Partners for Peace, Day Five
I bring you Rabbi Drill’s continuing journal from Israel:
As we walked back to our hotel from dinner at Piccolino in Jerusalem’s city center tonight, one of the trip participants pointed out that we had been on the go for fourteen hours! Today flew for me; every moment filled with deep new understandings.
Our day began at the impressive St. George’s Cathedral, where we met with Rabbi David Rosen and Rev. Canon Hosam Naoum to hear about the many ways in which they try to fight back against growing insularity, lack of trust and extremism as people of faith. Hosam explained his complex identity as follows: “I am a Christian, an Arab (but not a Muslim), an Israeli (but not a Jew), and a Palestinian (but not a terrorist).” He mused that this difficult, complicated identity is perhaps a gift as it enables his role as a bridge builder. Rabbi Rosen suggested that he also has a multiple identity. “For conservative Jews, I am liberal and for liberal Jews, I am conservative.” Once the rabbi of the largest Orthodox congregation in South Africa, he became Chief Rabbi of Ireland before coming to Jerusalem. He told us, tongue-in-cheek, that places seem to improve when he leaves. Both men agree that religion is one of the problems in the region but can also be part of the solution. Rabbi Rosen described the tragedy of a zero-sum approach; Palestinian dignity and Israel security are intertwined and so there is a need for dual empathy.
Our next meeting, certainly to become one of the highlights of this trip, was a meeting with Meredith Rothbart and Mohammed Joulany of Kids4Peace.
As these two colleagues and dear friends described the work that brings together Palestinian and Jewish children in Jerusalem and prepares them for coexistence through six intensive years of programming, they showed us what could be possible. When Meredith’s three-month-old son Ishai started fussing, Muhamed picked him up where the baby quickly fell asleep in his arms. At the end of their presentation, Meredith mused that in 20 years, Ishai will undoubtedly be serving in the IDF. She said, “I hope he doesn’t look back at this photograph of him passed out in Muhamed’s arms and see a terrible irony.” There was not a dry eye in the room.
After experiencing worship at the Cathedral where Rev. Naoum asked everyone there to pray for Jerusalem, for the Israelis and the Palestinians, we left for a tour of the seam, an in-depth seminar with Col. Danny Tirza, the developer of the security fence. As he explained the history and psychology of the fence (although media calls it a wall, only 5% of the entire 451 kilometers is concrete wall), I realized with a shock that many of my Christian colleagues did not know even the basic history of the first and second Intifadas. Placenames like Sbarro Pizza, the Dolphinarium, Park Hotel, Hebrew University Cafeteria, and Supersol, bus numbers like 6, 823, 32, 22 — all were completely unknown. That which is seared into the soul of the Jewish community was brand-new learning from many of my friends on this trip.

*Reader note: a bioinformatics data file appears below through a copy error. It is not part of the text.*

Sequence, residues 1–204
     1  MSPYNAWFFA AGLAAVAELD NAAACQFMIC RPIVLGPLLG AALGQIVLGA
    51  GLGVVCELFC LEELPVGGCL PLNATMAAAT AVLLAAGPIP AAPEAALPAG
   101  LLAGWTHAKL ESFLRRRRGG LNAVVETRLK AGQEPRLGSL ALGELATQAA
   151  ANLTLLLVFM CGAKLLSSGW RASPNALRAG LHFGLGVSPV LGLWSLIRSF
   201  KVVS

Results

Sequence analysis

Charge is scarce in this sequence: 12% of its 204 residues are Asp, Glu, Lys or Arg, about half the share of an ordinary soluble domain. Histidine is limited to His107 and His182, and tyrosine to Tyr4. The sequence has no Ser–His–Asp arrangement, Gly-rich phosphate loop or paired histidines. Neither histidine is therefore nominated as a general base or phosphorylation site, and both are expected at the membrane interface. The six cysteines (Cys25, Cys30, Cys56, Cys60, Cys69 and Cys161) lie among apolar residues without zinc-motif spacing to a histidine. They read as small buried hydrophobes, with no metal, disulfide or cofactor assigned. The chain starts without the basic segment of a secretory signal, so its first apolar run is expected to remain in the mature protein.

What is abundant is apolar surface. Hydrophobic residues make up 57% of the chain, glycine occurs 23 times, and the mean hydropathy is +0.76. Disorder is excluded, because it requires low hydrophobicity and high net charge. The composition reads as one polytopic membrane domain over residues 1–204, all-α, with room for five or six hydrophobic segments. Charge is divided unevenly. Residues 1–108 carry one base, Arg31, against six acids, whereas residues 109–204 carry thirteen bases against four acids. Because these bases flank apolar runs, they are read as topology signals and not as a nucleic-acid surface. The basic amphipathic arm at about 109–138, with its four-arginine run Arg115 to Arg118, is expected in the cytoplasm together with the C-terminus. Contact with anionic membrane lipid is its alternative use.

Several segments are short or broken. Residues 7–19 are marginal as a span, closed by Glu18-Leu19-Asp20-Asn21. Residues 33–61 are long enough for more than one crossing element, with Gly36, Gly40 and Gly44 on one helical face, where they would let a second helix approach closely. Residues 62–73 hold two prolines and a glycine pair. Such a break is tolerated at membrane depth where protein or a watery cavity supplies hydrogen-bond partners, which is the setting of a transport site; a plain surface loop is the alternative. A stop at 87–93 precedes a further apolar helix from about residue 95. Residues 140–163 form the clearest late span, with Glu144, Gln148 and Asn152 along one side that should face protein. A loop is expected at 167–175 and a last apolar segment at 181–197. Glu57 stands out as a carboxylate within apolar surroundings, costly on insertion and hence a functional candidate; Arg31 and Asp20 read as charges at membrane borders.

Our trip to Bethlehem and the Church of the Nativity was followed by a visit to Shorashim, a new initiative of community building and grassroots advocacy by settlers and Palestinians working together.
We heard the heart-wrenching stories of Shaul Judelman and Ali Abu Awwad who shared with striking honesty their narratives of assumptions, prejudice and violence and how they both changed over time. Each of them came to a place of understanding that cooperation and knowing the other is the only way forward. Shaul told us about how he learned that the person we are afraid of is afraid of us. Ali Abu told us about how he was transformed from a terrorist to a peacemaker.
When we said goodbye, I looked into the eyes of both these men and shook their hands, thanking them for their heroism, for taking the risk to step outside of the cultural assumptions of their communities to try to build a different future.
Dr. Peter Pettit, one of our trip leaders, framed the core lesson of Partners for Peace: every historical experience, every conflict and every cultural trauma takes place in three steps: events happen, we experience events, and then we create narratives about those events that we carry with us. To those narratives we must commit ourselves to listen open heartedly. We do not have to agree, and we do not have to change our own narratives. But we must acknowledge the narratives of the other if we are ever to break out of this conflict.
With prayers for peace in Jerusalem,
Rabbi Paula Mack Drill